The reformated file was designed to provide all reliable nutrient data available for the described foods and to include features that would facilitate its use. It was developed for Health and Welfare Canada to calculate nutrient intakes in food consumption surveys and to analyse menus for food-fortification or food-substitution studies. Agriculture Canada also had a need for such data and it was hoped that it would provide a national file on which all Canadian studies could be based. User comments were solicited from the beginning and changes have been made in the format to facilitate use. A major change was from seven conversion factors, described in the user's manual accompanying the tape (in the first two editions), to the four factors described on the present tape.
A National CNF User's Workshop was organized in June 1984 in Toronto, Ontario, to promote the general use of the file and share experiences in using it. Development of software programs requires the skills of both a nutritionist and a computer programmer. Agriculture Canada, with nutritionists, statisticians, and programmers, acquired the tape and has developed a very extensive programme: their nutrient-analysis computer program (AGNAP) has both nutritional and statistical input. Most of the nutritional data in AGNAP come from the CNF, but there is also a cookiny-yield file for "in-house" research information. Six types of reports can be produced: recipe/menu analysis, food ranking by amount of specific nutrient, cost of food per unit of nutrient, apparent nutrient intakes, nutritive value of food purchased, and nutritious foodbasket data manipulations. Statistics Canada provides data for four other reference files: a population file, providing estimates of demographic groups within the Canadian population; a food disappearance data file, outlining the apparent per capita food consumption in Canada between 1960 and 1983 (updated annually); a family food expenditure data file, including the quantities of food purchased by various socioeconomic groups within Canada (derived from a continuing market basket survey); and a retail food prices file, based on Statistics Canada's consumer price index. From these are derived three programs: the Apparent Nutrient Intakes program, the Nutritive Value of Food Purchased program, and the Agriculture Canada Nutritious Food Basket development program. At the other end of the scale, a nutritionist in a rural community, with specific needs for the evaluation of nutrient intakes in hospital food services, nursing homes, and boardinghouses, wrote a program on a microcomputer including nutrient assessment of individuals and menu planning, and now has extended use with a modem connection to a local university to access the entire CNF.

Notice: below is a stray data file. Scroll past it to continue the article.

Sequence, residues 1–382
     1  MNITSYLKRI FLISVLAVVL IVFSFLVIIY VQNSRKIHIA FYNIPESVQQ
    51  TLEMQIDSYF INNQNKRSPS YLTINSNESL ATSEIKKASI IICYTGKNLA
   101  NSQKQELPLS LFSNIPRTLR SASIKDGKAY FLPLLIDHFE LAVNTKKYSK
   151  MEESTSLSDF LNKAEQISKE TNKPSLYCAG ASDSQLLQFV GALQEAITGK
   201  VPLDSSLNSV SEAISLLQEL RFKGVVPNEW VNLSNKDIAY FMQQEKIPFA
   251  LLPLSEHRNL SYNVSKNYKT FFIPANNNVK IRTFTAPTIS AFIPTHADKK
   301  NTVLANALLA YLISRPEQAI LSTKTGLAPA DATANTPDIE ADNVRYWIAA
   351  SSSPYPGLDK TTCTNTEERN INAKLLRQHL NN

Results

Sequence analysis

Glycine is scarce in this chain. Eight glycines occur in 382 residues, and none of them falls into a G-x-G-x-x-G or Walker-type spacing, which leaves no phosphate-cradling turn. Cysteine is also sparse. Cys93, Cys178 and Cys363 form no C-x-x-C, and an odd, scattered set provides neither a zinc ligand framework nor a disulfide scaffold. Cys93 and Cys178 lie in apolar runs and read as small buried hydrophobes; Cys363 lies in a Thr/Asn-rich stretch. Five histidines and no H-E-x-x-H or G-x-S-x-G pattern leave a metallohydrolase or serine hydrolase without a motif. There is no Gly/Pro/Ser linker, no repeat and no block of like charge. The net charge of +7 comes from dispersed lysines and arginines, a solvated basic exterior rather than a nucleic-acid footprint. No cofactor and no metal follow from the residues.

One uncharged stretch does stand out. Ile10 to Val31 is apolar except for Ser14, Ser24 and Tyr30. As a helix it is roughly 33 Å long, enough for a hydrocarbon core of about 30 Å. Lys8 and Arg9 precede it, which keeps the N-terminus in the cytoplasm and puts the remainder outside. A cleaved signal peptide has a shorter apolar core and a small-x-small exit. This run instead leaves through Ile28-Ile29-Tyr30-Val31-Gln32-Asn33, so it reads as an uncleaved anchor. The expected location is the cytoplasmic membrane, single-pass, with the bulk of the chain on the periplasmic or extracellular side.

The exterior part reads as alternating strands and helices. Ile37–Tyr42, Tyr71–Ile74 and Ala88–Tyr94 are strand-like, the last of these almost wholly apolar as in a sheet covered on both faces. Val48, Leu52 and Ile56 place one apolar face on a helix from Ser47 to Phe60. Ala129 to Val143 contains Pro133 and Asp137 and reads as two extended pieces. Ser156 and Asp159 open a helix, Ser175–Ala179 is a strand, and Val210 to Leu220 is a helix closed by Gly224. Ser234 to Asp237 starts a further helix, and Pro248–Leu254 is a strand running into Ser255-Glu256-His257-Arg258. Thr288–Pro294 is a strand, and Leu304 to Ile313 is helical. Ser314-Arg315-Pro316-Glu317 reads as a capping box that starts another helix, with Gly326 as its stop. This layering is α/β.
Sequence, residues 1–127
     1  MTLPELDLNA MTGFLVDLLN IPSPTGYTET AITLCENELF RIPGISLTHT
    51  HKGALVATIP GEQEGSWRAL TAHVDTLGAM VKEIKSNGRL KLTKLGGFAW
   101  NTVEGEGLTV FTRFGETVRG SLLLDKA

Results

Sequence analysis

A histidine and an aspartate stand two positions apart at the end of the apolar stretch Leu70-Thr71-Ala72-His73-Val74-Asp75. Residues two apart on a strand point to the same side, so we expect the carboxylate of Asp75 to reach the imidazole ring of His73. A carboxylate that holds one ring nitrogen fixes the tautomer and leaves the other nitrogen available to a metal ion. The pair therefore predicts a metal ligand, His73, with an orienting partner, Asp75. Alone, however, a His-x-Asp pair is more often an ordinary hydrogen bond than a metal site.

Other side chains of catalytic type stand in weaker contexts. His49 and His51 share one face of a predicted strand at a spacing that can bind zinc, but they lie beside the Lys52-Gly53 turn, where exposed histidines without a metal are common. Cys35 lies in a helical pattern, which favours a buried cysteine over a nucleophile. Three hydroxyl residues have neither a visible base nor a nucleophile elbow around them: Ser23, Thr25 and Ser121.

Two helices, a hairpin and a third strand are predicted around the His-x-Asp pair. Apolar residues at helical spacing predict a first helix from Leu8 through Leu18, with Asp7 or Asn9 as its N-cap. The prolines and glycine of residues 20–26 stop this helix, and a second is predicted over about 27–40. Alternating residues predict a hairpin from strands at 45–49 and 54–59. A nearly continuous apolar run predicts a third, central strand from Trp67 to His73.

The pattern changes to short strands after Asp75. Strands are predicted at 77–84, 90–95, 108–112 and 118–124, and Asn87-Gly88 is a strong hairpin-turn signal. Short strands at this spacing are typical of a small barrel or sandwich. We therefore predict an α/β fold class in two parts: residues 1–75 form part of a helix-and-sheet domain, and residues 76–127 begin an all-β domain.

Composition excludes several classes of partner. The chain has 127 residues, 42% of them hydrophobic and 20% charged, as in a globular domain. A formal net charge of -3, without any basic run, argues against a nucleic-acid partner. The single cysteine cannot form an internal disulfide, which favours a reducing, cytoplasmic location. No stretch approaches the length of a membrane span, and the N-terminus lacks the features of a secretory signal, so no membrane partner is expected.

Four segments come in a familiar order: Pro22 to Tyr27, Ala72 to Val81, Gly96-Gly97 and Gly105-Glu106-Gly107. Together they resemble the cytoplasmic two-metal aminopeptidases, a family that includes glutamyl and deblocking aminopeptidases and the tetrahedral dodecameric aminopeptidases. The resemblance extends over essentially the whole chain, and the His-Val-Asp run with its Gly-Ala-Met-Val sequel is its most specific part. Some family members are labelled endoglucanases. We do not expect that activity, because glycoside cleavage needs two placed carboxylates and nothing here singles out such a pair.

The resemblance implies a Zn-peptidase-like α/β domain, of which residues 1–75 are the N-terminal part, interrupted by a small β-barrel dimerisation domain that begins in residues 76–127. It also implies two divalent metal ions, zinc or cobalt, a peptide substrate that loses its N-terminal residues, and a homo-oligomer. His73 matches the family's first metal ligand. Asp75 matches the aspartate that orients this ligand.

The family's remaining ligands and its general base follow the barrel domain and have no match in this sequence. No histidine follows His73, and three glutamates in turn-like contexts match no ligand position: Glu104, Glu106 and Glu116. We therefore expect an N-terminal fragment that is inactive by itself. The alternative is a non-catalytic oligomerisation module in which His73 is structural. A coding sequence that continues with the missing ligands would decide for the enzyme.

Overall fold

Several users have had special programs written for such projects as a regional hospital foodservices group that supplies prepared frozen foods daily to seven hospitals with a completely computerized program for food purchase, quality control, menu planning, ingredient delivery, assembly, cooking, freezing, and storage prior to delivery. Attached to these programs are nutrient compositions of all foods as delivered. A food-service organization, providing bulk foods to boarding-houses and nursing homes, includes computerized recipes, menus and probable nutrient intakes.